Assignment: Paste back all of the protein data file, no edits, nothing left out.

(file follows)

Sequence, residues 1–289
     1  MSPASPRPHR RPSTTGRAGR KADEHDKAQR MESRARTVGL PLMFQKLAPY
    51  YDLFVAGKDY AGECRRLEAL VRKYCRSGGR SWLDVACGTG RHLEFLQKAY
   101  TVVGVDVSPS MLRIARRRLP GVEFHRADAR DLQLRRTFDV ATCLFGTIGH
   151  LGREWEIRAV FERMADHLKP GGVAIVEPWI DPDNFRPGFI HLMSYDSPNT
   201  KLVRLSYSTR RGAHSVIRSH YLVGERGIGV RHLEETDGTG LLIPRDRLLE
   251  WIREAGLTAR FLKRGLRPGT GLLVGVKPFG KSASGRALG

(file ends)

Sequence, residues 1–289
     1  MSPASPRPHR RPSTTGRAGR KADEHDKAQR MESRARTVGL PLMFQKLAPY
    51  YDLFVAGKDY AGECRRLEAL VRKYCRSGGR SWLDVACGTG RHLEFLQKAY
   101  TVVGVDVSPS MLRIARRRLP GVEFHRADAR DLQLRRTFDV ATCLFGTIGH
   151  LGREWEIRAV FERMADHLKP GGVAIVEPWI DPDNFRPGFI HLMSYDSPNT
   201  KLVRLSYSTR RGAHSVIRSH YLVGERGIGV RHLEETDGTG LLIPRDRLLE
   251  WIREAGLTAR FLKRGLRPGT GLLVGVKPFG KSASGRALG